A version of this story appears in Sunday’s The Oklahoman as part of a package on the state of film in Oklahoma. To read more, go to NewsOK.com or pick up a copy of The Oklahoman.
Faith-based Oklahoma movie “Home Run” scores big with the help of film rebate
The uplifting sports drama, lensed in Okmulgee and Tulsa in 2011, opened in theaters nationwide in April and is due on Blu-ray and DVD in July.
When the production qualified for a 35 percent Film Enhancement Rebate, making “Home Run” in Oklahoma became, well, a home run.
“We were likely to do it here in Tulsa because of our family situation,” said Mathews, who has two young children. “Once we understood the rebate and the ramifications of it, there was no chance we would go anywhere else.”
“Home Run” opened in theaters nationwide in April. About a month later, the state House of Representatives voted down the proposed extension of the Oklahoma Film Enhancement Rebate Program, which expires on July 1, 2014.
“Some people have the perception that somehow money is coming out of the state’s pocket and going into some rich Hollywood producer’s pocket,” said Oklahoma Film and Music Office director Jill Simpson. “But in reality, it’s coming out of the state’s pocket, going into the production and coming right back into the state of Oklahoma through the purchase of goods … and services and the hiring of local crew.”
“Home Run,” which will be released July 23 on Blu-ray and DVD, focuses on baseball all-star Cory Brand (Scott Elrod, who had a small role in the Oscar-winning drama “Argo”) whose alcohol abuse sends his life into a tailspin. After he is arrested for driving under the influence and suspended from the team for eight weeks, his agent (Vivica A. Fox, the “Kill Bill” movies) sends him back to his hometown of Okmulgee, where he reluctantly enters a 12-step recovery program and takes over coaching a local youth baseball team.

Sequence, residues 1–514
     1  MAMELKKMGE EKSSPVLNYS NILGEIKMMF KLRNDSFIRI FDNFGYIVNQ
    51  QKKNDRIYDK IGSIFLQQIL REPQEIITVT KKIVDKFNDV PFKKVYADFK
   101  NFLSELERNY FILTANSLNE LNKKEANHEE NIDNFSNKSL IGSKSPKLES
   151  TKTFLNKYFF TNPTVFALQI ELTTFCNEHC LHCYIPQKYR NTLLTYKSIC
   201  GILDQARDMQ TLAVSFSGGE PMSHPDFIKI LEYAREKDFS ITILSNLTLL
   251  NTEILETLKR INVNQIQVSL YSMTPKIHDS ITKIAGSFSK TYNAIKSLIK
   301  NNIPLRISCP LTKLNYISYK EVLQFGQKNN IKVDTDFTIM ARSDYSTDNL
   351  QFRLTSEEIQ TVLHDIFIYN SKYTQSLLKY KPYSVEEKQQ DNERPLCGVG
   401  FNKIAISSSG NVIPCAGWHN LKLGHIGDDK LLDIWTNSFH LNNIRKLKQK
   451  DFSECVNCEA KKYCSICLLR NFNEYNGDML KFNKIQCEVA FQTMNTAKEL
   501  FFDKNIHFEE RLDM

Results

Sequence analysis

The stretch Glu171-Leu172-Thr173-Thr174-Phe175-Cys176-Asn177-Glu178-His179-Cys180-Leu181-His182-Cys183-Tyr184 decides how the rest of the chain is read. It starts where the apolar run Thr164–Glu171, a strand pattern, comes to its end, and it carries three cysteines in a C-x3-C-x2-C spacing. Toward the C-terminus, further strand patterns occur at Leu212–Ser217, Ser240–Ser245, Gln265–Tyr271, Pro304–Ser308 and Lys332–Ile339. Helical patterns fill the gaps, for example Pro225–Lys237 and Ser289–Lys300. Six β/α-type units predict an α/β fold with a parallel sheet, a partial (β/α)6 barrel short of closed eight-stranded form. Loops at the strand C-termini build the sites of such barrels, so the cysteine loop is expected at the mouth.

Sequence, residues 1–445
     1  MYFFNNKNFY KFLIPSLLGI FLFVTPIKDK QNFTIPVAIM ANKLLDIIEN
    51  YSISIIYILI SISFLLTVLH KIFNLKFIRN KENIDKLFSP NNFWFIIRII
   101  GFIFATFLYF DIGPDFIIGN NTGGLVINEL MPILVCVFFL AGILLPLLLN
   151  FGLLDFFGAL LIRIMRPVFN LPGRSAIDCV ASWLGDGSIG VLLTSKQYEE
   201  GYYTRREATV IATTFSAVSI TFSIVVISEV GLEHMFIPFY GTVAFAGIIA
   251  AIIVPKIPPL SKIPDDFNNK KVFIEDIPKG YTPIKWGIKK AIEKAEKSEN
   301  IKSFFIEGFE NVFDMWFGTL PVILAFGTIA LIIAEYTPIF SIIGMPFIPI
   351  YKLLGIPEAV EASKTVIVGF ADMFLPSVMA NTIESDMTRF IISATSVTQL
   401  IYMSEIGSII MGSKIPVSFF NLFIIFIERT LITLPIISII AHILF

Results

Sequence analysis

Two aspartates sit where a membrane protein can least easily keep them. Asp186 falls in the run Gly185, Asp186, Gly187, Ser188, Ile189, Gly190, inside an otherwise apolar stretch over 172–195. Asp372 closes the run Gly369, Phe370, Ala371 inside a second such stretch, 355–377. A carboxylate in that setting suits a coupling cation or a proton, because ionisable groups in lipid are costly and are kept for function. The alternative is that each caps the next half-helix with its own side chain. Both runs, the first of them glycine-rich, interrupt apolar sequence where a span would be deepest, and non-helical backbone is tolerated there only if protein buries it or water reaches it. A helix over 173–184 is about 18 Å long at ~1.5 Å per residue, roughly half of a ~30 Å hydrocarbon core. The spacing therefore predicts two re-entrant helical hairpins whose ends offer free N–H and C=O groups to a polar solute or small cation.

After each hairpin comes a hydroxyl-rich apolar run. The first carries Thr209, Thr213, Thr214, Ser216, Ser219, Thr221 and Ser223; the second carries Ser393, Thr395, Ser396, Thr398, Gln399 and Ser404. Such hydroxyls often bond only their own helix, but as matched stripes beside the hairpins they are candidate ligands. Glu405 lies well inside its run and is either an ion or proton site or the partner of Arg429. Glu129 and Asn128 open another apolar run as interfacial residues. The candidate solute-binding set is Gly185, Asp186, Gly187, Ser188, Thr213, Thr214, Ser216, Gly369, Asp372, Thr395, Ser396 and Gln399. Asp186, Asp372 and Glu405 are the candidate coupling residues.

Mathews, an award-winning television and film producer whose work has been featured on ESPN, The Family Channel and Trinity Broadcast Network, coproduced and worked as executive producer on “Home Run” with fellow Tulsan Tom Newman, whose credits include the Max Lucado adaptations “Resurrection” and “Christmas Child.” as well as the 2005 missionary drama “End of the Spear.”
“Tom and I have been in the production world in Tulsa, in Oklahoma, for years. So we had crew that we knew and loved and wanted to pursue to work on the film, as well as other kind of supportive people around a film’s production,” she said.
The movie lensed in Okmulgee and Tulsa in October 2011.
“We turned around and used our rebate on graphic designers and video people helping us make … trailers and whatnot. That work was done in the state of Oklahoma,” Mathews said. “We spent it on services in the state of Oklahoma to help get the word out about the movie.”
Simpson said the goods and services that moviemakers buy in Oklahoma can range from fencing and security to catering and lodging. Plus, crew members spend their per diem on food, entertainment and souvenirs.
In the case of “Home Run,” Mathews also got the chance to work with her husband, Scott Allan Mathews, who composed the music for the film. That had the extra benefit of qualifying the movie for an additional 2 percent rebate for including music created by Oklahomans in the film.
Their Grammy-nominated friend Steve Ripley, the Pawnee-based musician best known as a member of The Tractors, crooned the opening theme, “Broken.”
“He’s such a major talent,” Mathews said. “He sings a couple verses of a song that kind of foreshadows the whole film’s story and it’s very beautiful.”